Russian state bank accounts held in France have been frozen following pressure from a Swiss firm that is suing Russia for unpaid debts.
An Su-30 jet was nearly seized at Le Bourget air show in 2001
Russia's VTB Bank said several accounts held at its French arm had been frozen in line with a court ruling in Paris.
The accounts reportedly belong to the Russian finance ministry, arms firm Rosoboronexport, the Russian Central Bank and the RIA Novosti news agency.
The Swiss firm Noga has long been battling to seize Russian state assets.
Noga says a judgement at the Stockholm International Court of Arbitration 11 years ago gives it leave to have Russian state property impounded to recover debts related to an oil-for-food deal with Russia after the collapse of the Soviet Union in 1991.
At the time, the Swiss trading firm's claims were worth $63m.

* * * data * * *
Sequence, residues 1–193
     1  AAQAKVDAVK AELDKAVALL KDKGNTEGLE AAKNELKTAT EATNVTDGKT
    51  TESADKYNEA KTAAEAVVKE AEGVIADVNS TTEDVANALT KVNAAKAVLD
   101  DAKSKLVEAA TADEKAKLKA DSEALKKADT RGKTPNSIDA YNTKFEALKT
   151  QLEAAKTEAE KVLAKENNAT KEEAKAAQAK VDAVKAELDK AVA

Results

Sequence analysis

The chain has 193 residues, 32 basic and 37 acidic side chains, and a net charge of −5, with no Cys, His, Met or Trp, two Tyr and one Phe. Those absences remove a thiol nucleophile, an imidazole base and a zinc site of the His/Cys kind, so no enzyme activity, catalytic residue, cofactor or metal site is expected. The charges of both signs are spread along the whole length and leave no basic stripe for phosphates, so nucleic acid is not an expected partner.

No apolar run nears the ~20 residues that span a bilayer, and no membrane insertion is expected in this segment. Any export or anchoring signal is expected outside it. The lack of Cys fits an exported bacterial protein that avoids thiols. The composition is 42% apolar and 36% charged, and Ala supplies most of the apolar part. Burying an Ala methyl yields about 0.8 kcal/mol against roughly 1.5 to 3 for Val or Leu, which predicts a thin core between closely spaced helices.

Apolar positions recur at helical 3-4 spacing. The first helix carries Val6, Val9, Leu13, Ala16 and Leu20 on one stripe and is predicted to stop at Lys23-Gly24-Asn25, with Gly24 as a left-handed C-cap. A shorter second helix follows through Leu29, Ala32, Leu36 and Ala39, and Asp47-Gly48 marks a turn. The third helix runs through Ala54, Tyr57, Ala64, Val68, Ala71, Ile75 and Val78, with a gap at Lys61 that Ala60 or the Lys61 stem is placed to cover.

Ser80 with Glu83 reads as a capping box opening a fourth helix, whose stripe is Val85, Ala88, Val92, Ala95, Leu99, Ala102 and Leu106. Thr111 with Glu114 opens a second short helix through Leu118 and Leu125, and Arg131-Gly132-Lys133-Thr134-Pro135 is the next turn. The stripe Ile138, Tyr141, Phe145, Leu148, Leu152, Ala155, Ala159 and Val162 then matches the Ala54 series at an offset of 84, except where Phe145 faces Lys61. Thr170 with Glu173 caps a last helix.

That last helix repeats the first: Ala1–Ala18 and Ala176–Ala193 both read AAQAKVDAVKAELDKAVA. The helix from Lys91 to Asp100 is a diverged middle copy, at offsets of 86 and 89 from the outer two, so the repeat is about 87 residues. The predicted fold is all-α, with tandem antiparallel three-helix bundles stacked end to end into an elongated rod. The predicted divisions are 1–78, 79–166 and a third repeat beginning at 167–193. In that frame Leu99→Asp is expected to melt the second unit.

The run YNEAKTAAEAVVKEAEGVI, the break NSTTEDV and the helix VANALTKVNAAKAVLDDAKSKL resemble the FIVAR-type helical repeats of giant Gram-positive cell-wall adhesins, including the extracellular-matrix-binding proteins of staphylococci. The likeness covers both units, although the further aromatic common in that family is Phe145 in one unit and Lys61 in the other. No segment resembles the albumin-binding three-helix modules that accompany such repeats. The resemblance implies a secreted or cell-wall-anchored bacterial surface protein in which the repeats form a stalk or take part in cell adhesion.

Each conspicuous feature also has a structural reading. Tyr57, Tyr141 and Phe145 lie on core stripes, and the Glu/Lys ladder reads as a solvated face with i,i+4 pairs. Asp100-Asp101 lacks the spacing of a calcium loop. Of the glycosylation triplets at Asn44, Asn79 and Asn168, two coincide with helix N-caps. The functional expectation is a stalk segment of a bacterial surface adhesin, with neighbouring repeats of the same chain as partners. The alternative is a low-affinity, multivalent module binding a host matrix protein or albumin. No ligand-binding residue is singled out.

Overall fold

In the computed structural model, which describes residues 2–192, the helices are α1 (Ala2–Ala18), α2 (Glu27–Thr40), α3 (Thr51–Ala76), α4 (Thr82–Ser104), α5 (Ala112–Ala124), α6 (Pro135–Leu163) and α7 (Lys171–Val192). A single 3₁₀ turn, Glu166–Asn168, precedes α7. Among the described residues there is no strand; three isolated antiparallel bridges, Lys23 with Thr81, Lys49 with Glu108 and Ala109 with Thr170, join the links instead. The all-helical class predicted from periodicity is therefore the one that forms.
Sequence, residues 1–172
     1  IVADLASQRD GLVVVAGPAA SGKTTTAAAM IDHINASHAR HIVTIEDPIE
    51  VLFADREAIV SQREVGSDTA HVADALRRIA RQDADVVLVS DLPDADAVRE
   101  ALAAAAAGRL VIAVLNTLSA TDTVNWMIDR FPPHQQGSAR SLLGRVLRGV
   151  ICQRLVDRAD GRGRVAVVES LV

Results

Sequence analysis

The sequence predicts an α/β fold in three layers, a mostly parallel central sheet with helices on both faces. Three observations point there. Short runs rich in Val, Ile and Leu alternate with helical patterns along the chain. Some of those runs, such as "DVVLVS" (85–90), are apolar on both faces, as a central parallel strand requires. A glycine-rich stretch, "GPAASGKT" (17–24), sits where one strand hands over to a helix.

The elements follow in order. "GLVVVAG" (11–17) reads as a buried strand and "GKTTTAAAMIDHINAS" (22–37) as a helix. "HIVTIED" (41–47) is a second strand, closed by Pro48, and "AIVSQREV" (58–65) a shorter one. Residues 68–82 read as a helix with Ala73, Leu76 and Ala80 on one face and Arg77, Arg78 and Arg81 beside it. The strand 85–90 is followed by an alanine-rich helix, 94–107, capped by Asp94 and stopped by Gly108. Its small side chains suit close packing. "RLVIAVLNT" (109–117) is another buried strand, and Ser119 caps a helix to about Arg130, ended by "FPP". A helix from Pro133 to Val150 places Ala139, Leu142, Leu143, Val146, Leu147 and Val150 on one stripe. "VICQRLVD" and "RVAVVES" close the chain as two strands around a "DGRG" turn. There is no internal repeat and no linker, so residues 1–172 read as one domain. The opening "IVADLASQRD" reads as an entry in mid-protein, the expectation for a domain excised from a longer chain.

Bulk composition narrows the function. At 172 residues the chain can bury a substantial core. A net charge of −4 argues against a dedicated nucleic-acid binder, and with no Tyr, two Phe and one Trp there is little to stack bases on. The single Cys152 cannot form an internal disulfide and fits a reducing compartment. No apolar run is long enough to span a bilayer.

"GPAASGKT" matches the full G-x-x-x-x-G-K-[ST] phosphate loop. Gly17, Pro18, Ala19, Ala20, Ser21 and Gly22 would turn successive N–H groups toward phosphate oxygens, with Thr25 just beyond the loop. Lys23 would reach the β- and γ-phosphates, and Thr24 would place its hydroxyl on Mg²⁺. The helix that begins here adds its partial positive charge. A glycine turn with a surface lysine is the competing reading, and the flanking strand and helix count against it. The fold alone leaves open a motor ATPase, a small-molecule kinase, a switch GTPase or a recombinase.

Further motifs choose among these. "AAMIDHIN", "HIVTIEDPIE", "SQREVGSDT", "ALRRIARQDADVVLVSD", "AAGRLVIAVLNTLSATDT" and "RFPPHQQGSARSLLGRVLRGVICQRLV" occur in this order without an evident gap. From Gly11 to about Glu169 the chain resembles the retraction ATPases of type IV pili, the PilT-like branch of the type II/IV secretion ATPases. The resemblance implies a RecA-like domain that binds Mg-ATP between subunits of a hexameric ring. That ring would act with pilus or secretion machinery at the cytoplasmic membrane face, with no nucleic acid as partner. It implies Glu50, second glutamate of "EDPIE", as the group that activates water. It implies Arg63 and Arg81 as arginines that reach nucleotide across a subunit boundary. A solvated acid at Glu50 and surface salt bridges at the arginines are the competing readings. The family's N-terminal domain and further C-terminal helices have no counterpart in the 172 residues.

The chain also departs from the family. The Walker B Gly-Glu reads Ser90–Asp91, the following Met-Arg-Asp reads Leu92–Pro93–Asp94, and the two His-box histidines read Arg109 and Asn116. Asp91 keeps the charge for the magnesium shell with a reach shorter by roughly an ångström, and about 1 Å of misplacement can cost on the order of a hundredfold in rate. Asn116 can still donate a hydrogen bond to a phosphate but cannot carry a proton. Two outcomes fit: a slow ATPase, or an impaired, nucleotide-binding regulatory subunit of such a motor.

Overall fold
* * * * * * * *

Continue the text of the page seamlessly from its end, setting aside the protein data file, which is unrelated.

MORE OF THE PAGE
It previously tried to impound Russian military aircraft at France's Le Bourget air show in 2001 and paintings from Moscow's Pushkin Museum that were exhibited in Switzerland in 2005.
Russia to appeal
Amid concerns that Noga might try to impound a major Russian art exhibition in London this month, the British government rushed through legal changes to protect the artworks.
Russia's finance ministry says it will appeal against the French court's ruling and will seek compensation for the freezing of the accounts.
Russia's Prosecutor-General Yuri Chaika also says he is investigating the case.
Noga's oil-for-food deal with the Russian authorities dates back to April 1991.
In 2000 a Russian sailing ship, Sedov, was temporarily impounded in the French port of Brest, again as a result of the Noga lawsuit.